We've been doing work on the house. I had the family room painted, and the pool replastered and i'm putting new sod in the back yard. It's amazing how much effort goes into simply arranging to have other people come do work for you. I get the feeling though that the construction boom is abating, because contractors will actually return my phone calls now.

Can you believe it's almost December? Damn, where does all the time go?

Wednesday, November 09, 2005

Star Trek Syndrome

On Star Trek, especially the original show, any new culture that the Enterprise encountered would be suprisingly monolithic. In some episodes, the new planet would have two conflicting cultures as part of the dramatic tension for that particular plot. This was a necessary expedient for an hour-long show that was trying to make fairly broad points. But it always amused me that even though our own planet has billions of people with hundreds of languages and radically different cultural behaviors, every other planet in the galaxy is monocultural.

This seems to be the way that most news media treat other countries too. Even fairly sophisticated news outlets, like NPR or The Economist, treat foreign cultures (think Iraq, Iran, China) as if the entire population has a single, collective set of opinions. For places that get extra attention these days (Iraq) you might get to hear the collective opinions of the major factions within the country (Kurdish Iraq, Sunni Iraq, Shiite Iraq). In contrast, we know that political opinions can differ widely within a given family; and within a neighborhood opinions can vary so radically that were we the subject of news analysis a civil war would be considered imminent.

I know that even with the best intentions the news media can't really provide a realistic picture of political and cultural variation; and i can know intellectually that they are applying a sort of statistical simplification much like the red state/blue state nonsense applied to our own country. But i wonder if in the end this sort of coverage is just neutral or if it's harmful. For example, it's possible for both right and left to use this sort of coverage to support their own viewpoint (think of the times you've heard a sentence start with "The Iraqi people"). More generally, i think it's just dehumanizing. It completely collapses the scope and breadth of ancient, complex, and varied cultures, which i think makes it easier for Western cultures (or at least the US) to dismiss the other cultures as small and insignificant; as if we were dealing with some isolated, anachronistic tribe.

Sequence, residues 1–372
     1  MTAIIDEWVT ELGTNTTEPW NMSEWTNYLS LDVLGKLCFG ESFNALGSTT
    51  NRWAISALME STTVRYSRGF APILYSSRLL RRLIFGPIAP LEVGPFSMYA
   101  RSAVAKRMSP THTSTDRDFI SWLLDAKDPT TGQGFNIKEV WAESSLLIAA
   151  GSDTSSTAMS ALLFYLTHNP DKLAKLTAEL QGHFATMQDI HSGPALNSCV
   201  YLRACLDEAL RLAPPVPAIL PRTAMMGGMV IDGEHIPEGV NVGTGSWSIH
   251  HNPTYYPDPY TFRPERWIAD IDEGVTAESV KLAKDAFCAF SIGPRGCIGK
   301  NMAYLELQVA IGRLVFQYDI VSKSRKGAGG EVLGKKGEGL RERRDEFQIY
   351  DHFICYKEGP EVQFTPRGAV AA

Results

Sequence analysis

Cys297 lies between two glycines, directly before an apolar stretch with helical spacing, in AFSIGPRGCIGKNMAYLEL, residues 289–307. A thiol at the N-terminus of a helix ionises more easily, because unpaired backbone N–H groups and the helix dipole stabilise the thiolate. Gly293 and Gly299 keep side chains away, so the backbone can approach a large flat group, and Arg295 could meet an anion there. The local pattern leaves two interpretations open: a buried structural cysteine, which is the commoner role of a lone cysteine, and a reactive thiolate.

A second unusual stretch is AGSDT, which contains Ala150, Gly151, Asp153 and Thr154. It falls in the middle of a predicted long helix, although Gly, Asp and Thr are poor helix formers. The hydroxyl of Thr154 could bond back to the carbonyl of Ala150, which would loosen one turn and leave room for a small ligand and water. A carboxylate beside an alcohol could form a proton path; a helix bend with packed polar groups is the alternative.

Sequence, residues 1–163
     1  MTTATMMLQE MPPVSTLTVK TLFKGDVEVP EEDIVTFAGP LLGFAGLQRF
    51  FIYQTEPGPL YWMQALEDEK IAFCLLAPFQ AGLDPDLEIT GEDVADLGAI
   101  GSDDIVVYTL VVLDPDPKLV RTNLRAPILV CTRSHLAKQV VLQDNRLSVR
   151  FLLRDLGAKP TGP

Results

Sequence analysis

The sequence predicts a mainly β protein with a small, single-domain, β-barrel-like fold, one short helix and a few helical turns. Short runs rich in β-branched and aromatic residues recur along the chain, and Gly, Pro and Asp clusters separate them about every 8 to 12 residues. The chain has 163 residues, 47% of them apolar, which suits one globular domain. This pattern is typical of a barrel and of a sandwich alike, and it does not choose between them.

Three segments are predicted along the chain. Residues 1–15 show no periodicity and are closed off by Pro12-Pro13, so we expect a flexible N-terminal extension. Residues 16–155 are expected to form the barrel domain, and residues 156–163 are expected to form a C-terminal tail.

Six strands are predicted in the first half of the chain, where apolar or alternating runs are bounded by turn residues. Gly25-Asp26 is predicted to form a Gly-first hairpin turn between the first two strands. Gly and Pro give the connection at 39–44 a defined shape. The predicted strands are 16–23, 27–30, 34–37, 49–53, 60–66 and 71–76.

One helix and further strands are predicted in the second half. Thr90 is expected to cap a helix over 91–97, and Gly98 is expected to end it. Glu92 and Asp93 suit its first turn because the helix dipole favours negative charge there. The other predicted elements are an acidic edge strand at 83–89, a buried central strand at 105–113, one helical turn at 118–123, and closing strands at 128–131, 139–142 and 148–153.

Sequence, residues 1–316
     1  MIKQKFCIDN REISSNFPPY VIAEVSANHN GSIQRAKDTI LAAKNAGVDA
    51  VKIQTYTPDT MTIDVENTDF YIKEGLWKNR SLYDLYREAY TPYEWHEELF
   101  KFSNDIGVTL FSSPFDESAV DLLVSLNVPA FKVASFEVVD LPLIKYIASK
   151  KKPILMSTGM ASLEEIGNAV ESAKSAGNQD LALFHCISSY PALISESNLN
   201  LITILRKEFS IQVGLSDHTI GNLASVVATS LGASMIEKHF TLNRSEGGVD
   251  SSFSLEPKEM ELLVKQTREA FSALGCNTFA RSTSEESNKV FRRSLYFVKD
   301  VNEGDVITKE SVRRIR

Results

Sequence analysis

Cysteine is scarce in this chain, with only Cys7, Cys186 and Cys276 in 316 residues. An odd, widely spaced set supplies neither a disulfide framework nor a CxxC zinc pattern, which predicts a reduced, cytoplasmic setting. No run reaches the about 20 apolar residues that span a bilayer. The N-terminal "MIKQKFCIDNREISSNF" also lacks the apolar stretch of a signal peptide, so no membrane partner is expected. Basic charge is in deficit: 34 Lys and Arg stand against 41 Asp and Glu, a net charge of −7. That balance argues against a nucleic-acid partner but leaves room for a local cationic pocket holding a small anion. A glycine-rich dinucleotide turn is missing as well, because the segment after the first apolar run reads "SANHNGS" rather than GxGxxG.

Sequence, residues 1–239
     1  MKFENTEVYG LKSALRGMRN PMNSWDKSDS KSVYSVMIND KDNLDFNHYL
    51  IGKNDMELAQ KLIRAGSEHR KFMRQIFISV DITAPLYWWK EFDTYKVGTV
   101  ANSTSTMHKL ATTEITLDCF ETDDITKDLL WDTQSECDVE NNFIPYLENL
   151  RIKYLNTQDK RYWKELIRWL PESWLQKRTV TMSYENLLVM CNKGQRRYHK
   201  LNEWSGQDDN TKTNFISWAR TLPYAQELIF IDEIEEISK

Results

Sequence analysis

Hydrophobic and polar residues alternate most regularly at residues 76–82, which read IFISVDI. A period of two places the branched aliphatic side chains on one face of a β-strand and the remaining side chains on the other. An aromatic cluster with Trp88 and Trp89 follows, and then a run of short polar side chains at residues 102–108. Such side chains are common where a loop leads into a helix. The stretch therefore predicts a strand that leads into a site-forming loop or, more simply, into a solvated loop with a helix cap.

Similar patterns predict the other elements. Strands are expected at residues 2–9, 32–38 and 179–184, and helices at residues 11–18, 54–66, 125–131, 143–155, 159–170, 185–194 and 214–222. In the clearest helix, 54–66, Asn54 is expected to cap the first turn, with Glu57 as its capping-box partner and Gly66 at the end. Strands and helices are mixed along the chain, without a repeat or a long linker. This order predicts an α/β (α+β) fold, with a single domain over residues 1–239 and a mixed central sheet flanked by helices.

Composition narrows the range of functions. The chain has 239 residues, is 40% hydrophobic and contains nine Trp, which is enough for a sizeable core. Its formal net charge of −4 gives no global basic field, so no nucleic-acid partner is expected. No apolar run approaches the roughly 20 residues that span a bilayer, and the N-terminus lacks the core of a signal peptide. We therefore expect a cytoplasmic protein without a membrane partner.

Tuesday, November 01, 2005

Training Blues

I've been following a more rigorous training schedule for the marathon i plan to run in January. I run 6 days a week, and it's also more mileage and has weekly speed sessions. I think it's going to help my time considerably once the race comes around, but it's also harder to follow consistently. At the moment i run in the morning, getting up at 5:30 to stretch and trying to hit the road by 6. The time change this past weekend helped-- at least i won't have to run in the dark for a while.

I've been pretty surprised that my legs have held up so far. I used to swear by the idea that i shouldn't run on consecutive days. In the last 4 days i've done runs of 8,17,4,and 8.5 miles. My legs are tired for sure, but not damaged as far as i can tell. I don't think i could have started out at this rate several years ago, but now that i have enough mileage behind me i think i can endure it. I'm still concerned about the coming weeks. There are a couple of weekends where i have to do a 10 mile pace run on Saturday followed by a 20-miler on Sunday. That's gonna hurt.

I've been paying more attention to recovery during this program too, and that seems to help considerably. I make an effort to stretch after running, and i've been adding more protein to my post-hard-day diet. A bit of naproxen sodium on bad days doesn't hurt either. The recovery runs on Monday and Wednesday also work, which really surprises me. I never thought that running on Monday after a long run on Sunday could be a good idea, but it has worked wonders for me.